Introverts are very common within our society and you may be one.
Do you sometimes feel you put on a persona in social settings? Smiling and small-talking your way into people’s high estimations, only to curl up and revel in your “alone time” afterwards? You may be an introvert (don’t worry, we prefer not to have a club…)
Introverts: Quiet but Powerful
I’m sure most of us learned back in primary school that it’s not just the loudest who will be listened to. It’s the one who patiently raises their hand, and waits for their turn to speak. It’s the one who can go off quietly and let their ideas speak through the great work they produce.
Although I would usually advise against raising your hand in an adult social or professional setting, the point stands. Even if you are more reserved and aren’t one to shout over your peers – even when you have something awesome to contribute – there is something powerful in the ability to not speak absolutely everything on your mind. To listen to others, to pause for a moment of contemplative thought, and to carefully consider your response.
The thing about Shyness
Contrary to popular belief, being shy and being introverted are not one and the same. You can be both, sure – but you can also have one of these traits without the other. In essence, the difference is that being introverted means a need for regular alone time to recharge – especially after being around people for a while. Introverts may even be social butterflies – but too much social interaction can leave them feeling a little worn out. Think of it as a socialising hangover…
On the other hand, shyness is the fear of certain social situations. An introvert may like socialising as much as their extroverted friends, but the difference is how they spend the day after the party. If you’re shy, even if you are extroverted and feel energised in the company of others – and drained if you’re alone for too long – you may still feel shy in certain situations.
As such, if you are an introvert who would also describe themselves as shy – then remember that this shyness is not a personality trait as being introverted is – but merely a fear that you can overcome. This realisation could be the first important step towards you feeling your authentic introverted self: indulging in the self-care measures required for you to feel your best, but quietly confident about your social interactions.
The Importance of Alone-Time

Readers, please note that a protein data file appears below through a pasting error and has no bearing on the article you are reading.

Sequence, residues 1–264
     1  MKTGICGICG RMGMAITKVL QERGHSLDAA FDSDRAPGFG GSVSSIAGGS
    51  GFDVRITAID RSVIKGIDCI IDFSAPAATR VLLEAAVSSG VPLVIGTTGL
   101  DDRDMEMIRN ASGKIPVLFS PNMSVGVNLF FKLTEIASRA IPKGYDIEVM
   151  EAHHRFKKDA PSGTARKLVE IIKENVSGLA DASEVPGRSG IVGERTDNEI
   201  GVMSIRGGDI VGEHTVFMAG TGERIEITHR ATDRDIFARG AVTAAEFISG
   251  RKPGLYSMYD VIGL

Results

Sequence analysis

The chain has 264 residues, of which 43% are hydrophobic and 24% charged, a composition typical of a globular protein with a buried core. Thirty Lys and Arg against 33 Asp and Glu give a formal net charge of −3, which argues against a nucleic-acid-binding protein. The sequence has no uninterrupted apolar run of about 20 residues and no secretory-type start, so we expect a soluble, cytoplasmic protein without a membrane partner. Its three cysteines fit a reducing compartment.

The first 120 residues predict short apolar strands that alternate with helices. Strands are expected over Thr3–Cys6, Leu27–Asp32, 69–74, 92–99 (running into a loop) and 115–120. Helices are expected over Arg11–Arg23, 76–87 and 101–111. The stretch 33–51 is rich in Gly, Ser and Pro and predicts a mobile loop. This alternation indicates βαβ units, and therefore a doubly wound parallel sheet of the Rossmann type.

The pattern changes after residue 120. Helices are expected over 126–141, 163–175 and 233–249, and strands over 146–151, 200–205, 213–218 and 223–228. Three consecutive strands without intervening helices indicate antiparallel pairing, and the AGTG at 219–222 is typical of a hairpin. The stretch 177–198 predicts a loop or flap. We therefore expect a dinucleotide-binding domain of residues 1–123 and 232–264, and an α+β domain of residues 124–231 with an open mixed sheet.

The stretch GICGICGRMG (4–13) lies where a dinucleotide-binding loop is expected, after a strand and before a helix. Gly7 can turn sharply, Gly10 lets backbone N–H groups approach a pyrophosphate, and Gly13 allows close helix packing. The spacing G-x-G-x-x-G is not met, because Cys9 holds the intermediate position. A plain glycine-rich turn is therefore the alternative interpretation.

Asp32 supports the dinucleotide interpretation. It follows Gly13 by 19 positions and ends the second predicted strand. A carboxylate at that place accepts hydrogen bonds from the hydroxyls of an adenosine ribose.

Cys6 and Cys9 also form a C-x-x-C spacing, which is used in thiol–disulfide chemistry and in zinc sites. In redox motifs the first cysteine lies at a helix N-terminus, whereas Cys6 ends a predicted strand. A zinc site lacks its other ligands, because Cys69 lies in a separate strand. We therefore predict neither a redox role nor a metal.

Introverts are sometimes teased for their affinity for alone-time. Whether it be their yearning for a candlelit bath after a long day, a morning meditation ritual, or every introvert’s guilty pleasure for a cozy night in to enjoy their own company. We could actually all benefit from more of these opportunities to spend time with no one but ourselves…
Indeed, even the most outgoing of extroverts could use some time alone for self-reflection. It may seem like knowing your own thoughts is a no-brainer. However, most of us get so caught up in the day-to-day – working, talking, worrying – whether we’re in the shower, at our desks, or on a run, some of us still can’t calm the back-chatter of our pressing responsibilities. We forget it’s even possible to just be; to just see where your thoughts will take you if you don’t force your attention into the next incoming activity or concern.
Sensitivity is a Superpower
Being a highly-sensitive person often (but not always) goes hand-in-hand with being introverted. But as already discussed, being highly attuned to the world and emotions around us is not a handicap – so it should not be treated as such! If you tend to be hyperaware of every sensation – from bright lighting, to distracting sounds and smells, to the way that stranger looked at you just then – this way of existing is part of the fabric of your identity and is undoubtedly linked to many of your strengths and achievements.
In order to protect your highly-sensitive, introverted self and thrive in any situation, you must acknowledge the quirks which make you different. Learn to adapt to them and ultimately to embrace them as your superpower.
Introverts: Our time to shine?
2020 may be the year that introverts finally claim the power they always knew they had.
Despite this, introverts have always been there, throughout history’s big moments. Despite what we are led to believe, introverts have always been in the picture and have always had crucial skills and perspectives to offer. But by their very nature, they were not so inclined to basque in the limelight.
From the likes of Rosa Parks and Marie Curie of yesteryear to JK Rowling and Meryl Streep today – self-confessed introverts are slaying their fields time and time again, proving that we don’t have to feel comfortable with the attention to get it when it really matters.
Blessed are the introverts: The bottom line
There are a lot of misconceptions regarding introverts. Some may think being introverted must mean someone has low confidence, or hates to socialise at all.
However, whether you’re introverted or extraverted is all about how we behave when no one else is around.
From the outside, it may not even be obvious whether someone is introverted or extraverted – it all depends on whether they finish a day of socialising feeling energised and wanting more, or ready for a cup of tea and a book in the safe seclusion of their home. Whether a Sunday with no plans other than resting at home alone invokes the dread of boredom and loneliness, or the introvert’s familiar exhilaration at the prospect of some precious recharge time.
And no “type” is better than the other. All in all, introverts have been responsible for some of the greatest achievements in history – they just enjoy curling up at home afterwards to celebrate their successes!
Are you an introvert or an extrovert? How does it affect your relationships and daily life? Let us know down in the comments!